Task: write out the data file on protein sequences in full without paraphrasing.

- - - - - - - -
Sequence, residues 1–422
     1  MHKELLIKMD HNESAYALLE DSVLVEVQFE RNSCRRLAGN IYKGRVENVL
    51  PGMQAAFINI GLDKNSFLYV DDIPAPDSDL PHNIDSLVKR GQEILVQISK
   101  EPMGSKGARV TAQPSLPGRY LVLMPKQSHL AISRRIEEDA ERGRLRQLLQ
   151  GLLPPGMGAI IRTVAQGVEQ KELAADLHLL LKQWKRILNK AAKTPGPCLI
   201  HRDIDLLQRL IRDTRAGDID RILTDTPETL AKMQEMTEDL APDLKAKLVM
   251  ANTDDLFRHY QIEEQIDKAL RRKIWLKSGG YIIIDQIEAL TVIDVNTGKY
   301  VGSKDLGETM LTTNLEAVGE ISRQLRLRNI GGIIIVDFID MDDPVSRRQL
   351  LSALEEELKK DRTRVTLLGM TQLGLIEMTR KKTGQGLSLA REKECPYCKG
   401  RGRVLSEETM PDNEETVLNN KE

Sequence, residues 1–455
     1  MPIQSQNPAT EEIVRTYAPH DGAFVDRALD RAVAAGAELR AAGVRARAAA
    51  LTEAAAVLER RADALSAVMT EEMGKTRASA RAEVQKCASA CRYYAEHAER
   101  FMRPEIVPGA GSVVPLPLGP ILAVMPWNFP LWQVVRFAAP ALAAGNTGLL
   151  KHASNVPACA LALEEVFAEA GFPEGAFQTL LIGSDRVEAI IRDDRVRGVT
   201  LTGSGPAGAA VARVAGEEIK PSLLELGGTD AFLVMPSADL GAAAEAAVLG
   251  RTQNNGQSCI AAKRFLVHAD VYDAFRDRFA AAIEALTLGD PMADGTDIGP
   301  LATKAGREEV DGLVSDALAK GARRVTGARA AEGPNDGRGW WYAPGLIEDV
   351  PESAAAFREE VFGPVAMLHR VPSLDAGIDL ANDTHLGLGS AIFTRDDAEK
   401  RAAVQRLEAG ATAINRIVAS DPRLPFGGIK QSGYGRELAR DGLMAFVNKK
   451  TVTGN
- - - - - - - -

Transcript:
Sequence, residues 1–422
     1  MHKELLIKMD HNESAYALLE DSVLVEVQFE RNSCRRLAGN IYKGRVENVL
    51  PGMQAAFINI GLDKNSFLYV DDIPAPDSDL PHNIDSLVKR GQEILVQISK
   101  EPMGSKGARV TAQPSLPGRY LVLMPKQSHL AISRRIEEDA ERGRLRQLLQ
   151  GLLPPGMGAI IRTVAQGVEQ KELAADLHLL LKQWKRILNK AAKTPGPCLI
   201  HRDIDLLQRL IRDTRAGDID RILTDTPETL AKMQEMTEDL APDLKAKLVM
   251  ANTDDLFRHY QIEEQIDKAL RRKIWLKSGG YIIIDQIEAL TVIDVNTGKY
   301  VGSKDLGETM LTTNLEAVGE ISRQLRLRNI GGIIIVDFID MDDPVSRRQL
   351  LSALEEELKK DRTRVTLLGM TQLGLIEMTR KKTGQGLSLA REKECPYCKG
   401  RGRVLSEETM PDNEETVLNN KE

Sequence, residues 1–455
     1  MPIQSQNPAT EEIVRTYAPH DGAFVDRALD RAVAAGAELR AAGVRARAAA
    51  LTEAAAVLER RADALSAVMT EEMGKTRASA RAEVQKCASA CRYYAEHAER
   101  FMRPEIVPGA GSVVPLPLGP ILAVMPWNFP LWQVVRFAAP ALAAGNTGLL
   151  KHASNVPACA LALEEVFAEA GFPEGAFQTL LIGSDRVEAI IRDDRVRGVT
   201  LTGSGPAGAA VARVAGEEIK PSLLELGGTD AFLVMPSADL GAAAEAAVLG
   251  RTQNNGQSCI AAKRFLVHAD VYDAFRDRFA AAIEALTLGD PMADGTDIGP
   301  LATKAGREEV DGLVSDALAK GARRVTGARA AEGPNDGRGW WYAPGLIEDV
   351  PESAAAFREE VFGPVAMLHR VPSLDAGIDL ANDTHLGLGS AIFTRDDAEK
   401  RAAVQRLEAG ATAINRIVAS DPRLPFGGIK QSGYGRELAR DGLMAFVNKK
   451  TVTGN